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Yunita Wahyuningrum, a longtime CCP staff member in Indonesia, died Thursday of cancer after a yearlong battle. She was 49.
“With these two new organizations, we can ensure that the successes in family planning are sustainable long into the future,” says CCP’s Alice Payne Merritt.
Family planning clients in Indonesia who were counseled about contraception using a tablet-based application were far more likely to still be using that new method a year later, new CCP research suggests.
In Indonesia and the Philippines, CCP is learning what COVID-19 information pharmacists lack and then providing them with tools and education they need.
Fitri Putjuk, the longtime country representative for CCP in Indonesia, won the Staff Practice Award for Excellence in International Public Health Practice from the Johns Hopkins Bloomberg School of Public Health.
CCP has developed a new tool for parents of Indonesian teens designed to help them navigate uncomfortable conversations with their children about sexual and reproductive health.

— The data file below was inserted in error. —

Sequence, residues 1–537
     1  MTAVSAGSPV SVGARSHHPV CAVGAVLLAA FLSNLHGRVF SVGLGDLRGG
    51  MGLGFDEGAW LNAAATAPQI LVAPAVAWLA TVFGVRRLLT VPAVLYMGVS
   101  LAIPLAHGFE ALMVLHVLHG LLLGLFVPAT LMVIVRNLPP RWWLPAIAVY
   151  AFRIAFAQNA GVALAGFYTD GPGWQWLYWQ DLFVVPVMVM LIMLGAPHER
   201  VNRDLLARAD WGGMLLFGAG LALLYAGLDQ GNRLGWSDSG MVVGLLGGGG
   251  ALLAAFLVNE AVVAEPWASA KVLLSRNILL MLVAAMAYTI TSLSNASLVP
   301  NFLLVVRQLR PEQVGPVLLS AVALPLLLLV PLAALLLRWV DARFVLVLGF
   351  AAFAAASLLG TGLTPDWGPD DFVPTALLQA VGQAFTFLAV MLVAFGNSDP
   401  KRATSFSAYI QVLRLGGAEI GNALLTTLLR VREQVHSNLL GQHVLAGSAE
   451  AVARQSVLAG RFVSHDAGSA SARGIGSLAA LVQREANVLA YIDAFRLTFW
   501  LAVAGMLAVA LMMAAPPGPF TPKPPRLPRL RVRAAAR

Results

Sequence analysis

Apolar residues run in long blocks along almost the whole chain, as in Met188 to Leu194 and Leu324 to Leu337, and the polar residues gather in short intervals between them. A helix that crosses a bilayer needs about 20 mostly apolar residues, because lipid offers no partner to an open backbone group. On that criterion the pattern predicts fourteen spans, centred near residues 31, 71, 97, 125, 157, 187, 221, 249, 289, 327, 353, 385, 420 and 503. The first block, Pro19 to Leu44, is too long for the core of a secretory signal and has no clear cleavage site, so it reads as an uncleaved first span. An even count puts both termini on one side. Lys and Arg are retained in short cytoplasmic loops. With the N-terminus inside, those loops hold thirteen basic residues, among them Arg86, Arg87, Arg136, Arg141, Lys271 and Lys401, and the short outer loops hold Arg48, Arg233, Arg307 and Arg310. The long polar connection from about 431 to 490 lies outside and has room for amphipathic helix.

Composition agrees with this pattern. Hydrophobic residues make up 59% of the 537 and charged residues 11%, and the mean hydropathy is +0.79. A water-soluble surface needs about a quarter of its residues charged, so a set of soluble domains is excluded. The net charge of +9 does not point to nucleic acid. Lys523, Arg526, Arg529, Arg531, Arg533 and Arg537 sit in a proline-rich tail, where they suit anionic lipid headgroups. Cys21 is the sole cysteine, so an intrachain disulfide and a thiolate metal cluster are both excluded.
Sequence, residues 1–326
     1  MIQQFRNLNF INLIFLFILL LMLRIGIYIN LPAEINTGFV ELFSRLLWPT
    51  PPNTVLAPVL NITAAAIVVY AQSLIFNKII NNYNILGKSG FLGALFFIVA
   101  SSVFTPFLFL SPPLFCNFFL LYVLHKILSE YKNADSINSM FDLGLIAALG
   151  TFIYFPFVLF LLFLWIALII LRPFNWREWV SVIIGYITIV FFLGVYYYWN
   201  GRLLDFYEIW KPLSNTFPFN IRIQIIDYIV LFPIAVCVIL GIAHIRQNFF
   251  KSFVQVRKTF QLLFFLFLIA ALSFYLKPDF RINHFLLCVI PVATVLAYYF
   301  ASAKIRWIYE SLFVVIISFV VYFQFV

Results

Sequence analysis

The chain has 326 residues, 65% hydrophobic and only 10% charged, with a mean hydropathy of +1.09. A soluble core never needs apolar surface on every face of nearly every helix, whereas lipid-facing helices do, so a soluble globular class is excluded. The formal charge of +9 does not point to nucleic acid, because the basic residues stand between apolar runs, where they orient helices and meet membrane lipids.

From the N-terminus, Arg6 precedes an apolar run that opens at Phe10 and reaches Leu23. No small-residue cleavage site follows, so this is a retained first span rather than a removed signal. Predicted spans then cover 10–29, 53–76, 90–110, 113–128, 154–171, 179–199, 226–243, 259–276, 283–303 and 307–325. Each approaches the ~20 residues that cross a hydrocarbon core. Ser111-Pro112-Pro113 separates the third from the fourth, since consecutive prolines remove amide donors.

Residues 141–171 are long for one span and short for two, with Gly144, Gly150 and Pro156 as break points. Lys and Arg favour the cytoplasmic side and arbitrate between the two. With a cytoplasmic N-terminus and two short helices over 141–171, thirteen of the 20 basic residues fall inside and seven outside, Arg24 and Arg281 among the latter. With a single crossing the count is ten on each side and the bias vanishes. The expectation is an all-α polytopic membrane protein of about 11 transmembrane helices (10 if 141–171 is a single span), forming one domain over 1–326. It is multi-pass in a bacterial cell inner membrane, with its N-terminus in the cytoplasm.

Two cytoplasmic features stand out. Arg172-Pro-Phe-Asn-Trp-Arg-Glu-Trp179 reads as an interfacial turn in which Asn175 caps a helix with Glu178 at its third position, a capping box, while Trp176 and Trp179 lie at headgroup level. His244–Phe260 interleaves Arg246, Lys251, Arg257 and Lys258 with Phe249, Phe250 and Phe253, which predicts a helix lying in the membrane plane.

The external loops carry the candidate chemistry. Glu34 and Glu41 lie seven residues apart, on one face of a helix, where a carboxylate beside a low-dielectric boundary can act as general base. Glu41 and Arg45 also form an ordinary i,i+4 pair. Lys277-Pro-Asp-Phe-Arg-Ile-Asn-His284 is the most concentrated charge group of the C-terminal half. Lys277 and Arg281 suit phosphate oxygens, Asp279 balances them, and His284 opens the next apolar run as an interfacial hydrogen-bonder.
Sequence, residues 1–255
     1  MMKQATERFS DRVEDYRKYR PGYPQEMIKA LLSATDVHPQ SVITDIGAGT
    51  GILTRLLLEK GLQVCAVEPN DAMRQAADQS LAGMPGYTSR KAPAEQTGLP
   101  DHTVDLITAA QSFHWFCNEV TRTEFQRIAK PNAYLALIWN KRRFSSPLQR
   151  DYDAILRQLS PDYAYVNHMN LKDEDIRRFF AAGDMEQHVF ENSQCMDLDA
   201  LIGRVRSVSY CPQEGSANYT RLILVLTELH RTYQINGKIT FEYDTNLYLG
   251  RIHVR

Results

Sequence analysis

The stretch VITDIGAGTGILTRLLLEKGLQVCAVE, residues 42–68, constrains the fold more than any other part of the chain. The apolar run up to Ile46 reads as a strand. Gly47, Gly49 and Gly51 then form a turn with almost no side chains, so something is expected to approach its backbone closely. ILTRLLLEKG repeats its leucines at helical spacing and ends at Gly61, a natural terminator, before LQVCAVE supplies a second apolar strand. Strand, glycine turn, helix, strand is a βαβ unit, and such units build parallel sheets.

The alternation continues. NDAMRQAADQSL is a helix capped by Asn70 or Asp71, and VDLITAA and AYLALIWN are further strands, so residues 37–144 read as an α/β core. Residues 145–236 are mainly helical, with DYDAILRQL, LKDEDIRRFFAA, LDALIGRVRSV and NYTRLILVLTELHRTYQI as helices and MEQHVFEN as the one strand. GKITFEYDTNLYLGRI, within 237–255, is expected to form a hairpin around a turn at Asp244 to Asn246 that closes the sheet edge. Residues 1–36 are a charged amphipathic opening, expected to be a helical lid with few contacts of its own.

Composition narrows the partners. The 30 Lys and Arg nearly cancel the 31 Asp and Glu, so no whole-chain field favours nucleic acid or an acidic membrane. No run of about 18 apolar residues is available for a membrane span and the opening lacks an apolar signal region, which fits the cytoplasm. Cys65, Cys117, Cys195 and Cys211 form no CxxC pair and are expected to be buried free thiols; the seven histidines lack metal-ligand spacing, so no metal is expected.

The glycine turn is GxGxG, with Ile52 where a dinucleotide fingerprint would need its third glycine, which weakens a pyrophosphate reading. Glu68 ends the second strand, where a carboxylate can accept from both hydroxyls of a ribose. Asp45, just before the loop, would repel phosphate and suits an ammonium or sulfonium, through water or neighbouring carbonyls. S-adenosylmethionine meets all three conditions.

Indonesia’s national family planning agency has adopted a program developed by CCP that has boosted the use of modern contraception in several regions of the country and is now scaling it up nationwide.
Indonesian adolescents have few places to turn for quality information about sexual and reproductive health. A new website aims to address that.
New CCP research suggests that women in districts where family planning was prioritized were significantly more likely to be using the modern contraceptive methods they wanted.
Research shows that funding for and uptake of long-acting and permanent contraceptive methods (LAPMs) significantly increased in six districts in East Java and West Nusa Tenggara as a result of evidence-based advocacy. After three years of targeted advocacy efforts led by the Improving Contraceptive Method
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